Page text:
Mechanics of Iron-Making

The basic mechanics for the reduction of iron ore is a thermochemical reaction called smelting, wherein the mass of rock containing iron oxides and silicates is heated so those impurities –or the weaker, less valuable parts of the ore are melted out of a spongy mass of iron known as a “bloom”. The bloom is then hammered while still at a white-hot temperature so its gaps are essentially welded shut to make a solid piece of iron.

Once there is a solid piece of iron made from the bloom, the process of sharpening is then carried out. This is a three-stage effort: 

  1. Pounding the welded bloom with an iron hammer flattens the edges and breaks off the weakest parts. 
  2. An iron file or iron-ore stone is used to create an edge that is nearly sharp. 
  3. Another piece of refined iron is then used to rub and lift that edge to make it razor-sharp. This was done again and again whenever the edge of the sword became dull. 

Sharpening a tool or weapon took time in the ancient world since there were no electric whetstones or sharpening devices as we have now. It required a persistent and careful striking of the tool against a sharper one time and time again until the desired result was achieved.

Essentially, iron production is the transformation of jagged, rusty rock that has its impurities removed by a lot of heat and some hammering.

As you can see, parallels to Proverbs 27:17 for deeper friendships are very apparent.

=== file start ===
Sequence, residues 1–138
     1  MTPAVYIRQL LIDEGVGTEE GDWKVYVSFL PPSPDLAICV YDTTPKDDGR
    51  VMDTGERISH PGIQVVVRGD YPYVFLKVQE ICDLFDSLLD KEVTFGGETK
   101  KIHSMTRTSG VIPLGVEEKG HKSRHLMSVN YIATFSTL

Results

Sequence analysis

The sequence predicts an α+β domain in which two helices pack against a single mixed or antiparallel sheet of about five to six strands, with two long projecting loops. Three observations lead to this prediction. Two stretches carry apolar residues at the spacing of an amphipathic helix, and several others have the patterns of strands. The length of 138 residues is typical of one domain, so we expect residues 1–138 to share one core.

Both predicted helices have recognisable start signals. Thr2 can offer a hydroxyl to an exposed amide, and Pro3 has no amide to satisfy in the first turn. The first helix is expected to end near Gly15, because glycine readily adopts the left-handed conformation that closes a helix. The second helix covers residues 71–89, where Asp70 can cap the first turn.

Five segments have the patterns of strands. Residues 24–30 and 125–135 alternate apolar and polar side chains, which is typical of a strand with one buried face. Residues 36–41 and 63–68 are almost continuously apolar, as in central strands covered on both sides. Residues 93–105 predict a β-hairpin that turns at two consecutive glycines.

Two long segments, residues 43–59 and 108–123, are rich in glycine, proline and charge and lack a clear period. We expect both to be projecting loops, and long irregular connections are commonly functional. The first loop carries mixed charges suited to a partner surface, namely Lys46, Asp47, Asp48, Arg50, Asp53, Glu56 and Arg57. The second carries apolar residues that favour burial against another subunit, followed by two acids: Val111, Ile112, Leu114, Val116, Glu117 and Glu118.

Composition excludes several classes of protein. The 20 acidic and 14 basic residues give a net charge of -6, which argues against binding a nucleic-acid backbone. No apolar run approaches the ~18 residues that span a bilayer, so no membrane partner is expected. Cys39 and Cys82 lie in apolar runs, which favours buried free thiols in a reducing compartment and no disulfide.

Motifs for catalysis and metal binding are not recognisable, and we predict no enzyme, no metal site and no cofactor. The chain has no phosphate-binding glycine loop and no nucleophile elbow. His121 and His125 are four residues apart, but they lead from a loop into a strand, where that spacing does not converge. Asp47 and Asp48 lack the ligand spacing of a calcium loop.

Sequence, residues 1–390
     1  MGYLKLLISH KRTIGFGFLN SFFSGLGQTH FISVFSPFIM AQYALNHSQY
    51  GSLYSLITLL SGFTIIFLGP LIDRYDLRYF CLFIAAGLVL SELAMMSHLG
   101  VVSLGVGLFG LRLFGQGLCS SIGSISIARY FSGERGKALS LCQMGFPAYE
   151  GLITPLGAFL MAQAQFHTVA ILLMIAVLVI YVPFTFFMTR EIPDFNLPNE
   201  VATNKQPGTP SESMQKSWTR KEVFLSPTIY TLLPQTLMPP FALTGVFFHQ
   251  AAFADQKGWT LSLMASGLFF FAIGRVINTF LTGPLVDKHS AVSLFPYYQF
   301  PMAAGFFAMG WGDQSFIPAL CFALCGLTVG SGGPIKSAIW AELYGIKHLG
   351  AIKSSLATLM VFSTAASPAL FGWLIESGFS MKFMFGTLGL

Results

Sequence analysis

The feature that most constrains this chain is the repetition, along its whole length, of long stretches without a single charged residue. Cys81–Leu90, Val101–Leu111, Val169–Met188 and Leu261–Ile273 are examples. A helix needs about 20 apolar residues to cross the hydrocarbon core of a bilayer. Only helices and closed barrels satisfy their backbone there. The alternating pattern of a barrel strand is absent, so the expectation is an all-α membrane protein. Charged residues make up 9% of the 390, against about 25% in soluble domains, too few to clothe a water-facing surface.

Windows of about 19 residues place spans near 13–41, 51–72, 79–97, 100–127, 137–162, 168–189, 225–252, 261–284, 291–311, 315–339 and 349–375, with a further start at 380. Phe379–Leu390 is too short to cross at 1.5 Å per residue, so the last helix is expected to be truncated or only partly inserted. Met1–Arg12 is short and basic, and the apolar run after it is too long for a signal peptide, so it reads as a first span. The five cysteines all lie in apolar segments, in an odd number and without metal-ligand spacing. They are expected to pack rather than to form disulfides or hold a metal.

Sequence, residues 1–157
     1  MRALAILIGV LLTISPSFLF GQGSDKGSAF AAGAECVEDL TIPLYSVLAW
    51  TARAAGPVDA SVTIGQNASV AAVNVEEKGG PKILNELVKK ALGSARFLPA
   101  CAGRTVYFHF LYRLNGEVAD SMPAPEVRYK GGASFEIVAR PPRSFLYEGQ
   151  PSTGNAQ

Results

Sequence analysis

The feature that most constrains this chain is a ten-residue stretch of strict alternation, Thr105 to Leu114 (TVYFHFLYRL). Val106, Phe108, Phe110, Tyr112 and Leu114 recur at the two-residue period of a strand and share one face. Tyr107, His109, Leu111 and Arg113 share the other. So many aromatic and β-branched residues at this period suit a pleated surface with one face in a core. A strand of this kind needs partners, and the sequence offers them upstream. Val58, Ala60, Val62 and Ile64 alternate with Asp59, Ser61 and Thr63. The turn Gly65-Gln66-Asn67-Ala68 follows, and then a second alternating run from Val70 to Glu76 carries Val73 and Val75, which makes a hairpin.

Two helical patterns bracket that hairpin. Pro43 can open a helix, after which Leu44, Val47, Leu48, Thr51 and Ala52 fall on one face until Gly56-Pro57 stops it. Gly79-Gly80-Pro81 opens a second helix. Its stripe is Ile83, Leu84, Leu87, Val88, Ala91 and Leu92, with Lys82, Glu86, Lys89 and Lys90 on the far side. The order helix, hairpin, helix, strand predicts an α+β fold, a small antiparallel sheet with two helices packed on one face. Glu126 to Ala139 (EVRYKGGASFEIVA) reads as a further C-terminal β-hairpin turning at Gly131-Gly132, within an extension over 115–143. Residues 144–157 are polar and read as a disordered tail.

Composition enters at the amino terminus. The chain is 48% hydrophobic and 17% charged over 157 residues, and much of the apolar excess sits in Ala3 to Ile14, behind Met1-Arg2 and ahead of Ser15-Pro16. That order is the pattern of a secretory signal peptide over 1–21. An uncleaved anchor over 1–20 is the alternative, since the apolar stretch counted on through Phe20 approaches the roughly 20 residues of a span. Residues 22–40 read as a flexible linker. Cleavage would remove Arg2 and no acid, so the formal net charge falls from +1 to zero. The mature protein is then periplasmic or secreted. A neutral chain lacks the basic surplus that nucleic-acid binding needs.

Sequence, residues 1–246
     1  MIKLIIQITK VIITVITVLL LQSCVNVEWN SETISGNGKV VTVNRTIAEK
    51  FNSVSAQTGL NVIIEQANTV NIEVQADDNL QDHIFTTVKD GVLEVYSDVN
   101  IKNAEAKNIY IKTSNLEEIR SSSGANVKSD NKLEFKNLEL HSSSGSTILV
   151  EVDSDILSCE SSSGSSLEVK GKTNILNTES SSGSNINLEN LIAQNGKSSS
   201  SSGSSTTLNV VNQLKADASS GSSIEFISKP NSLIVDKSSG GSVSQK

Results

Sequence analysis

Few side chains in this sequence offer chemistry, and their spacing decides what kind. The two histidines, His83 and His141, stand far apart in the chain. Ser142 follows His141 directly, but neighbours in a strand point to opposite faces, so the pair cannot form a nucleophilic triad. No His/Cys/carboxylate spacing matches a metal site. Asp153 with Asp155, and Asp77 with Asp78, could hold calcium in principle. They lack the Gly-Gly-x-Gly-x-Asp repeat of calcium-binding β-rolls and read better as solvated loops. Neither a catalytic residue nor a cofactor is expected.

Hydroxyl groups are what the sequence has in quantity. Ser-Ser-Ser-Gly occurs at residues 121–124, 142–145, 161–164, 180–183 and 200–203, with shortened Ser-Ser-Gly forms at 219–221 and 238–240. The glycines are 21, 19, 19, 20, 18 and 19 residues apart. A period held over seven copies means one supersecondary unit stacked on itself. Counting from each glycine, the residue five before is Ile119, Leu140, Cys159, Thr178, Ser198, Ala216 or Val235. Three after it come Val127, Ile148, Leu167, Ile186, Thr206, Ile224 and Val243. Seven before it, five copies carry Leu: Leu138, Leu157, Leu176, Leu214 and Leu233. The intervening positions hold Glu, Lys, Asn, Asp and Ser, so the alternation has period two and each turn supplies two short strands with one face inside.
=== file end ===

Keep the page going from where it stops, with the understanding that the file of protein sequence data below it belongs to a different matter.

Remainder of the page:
Some Men are No Longer ‘as Sharp’

My belief is today men need some mature men in their lives in order to help them become better men. When guys spend time together, there is incredible refining and sharpening that occurs as we learn from each other.

One man does not sharpen another with just one talk over a cup of coffee or by sitting through sermons each Sunday. Instead, men sharpen one another over time, through years of friendship, and by working through the ins and outs of enduring relationships. This proverb also underscores the importance of persistence in a GB friendship.

You have heard the saying that “He’s lost his edge.” This means a man has become dull in his life and blunt in his approach to many things. But like a knife that needs to have its edge raised again, the Word of God is a “double-edged sword” (Hebrews 4:12).

God Buddies refine and sharpen each other over time by offering words of encouragement and providing constructive criticism at just the right moments. When we fellowship and study the Bible together, it helps us get through the “heat” of life and provides the accountability and encouragement to help us remain sharp. This refining may require some hammering and heat but the transformation helps shape us into being more Christ-like and the earthly man that God intended.

Do you have any favorite Bible verses that apply to deepen your friendships? Who are the “irons” in your life who help sharpen you?

If so, feel free to share your thoughts in the comments.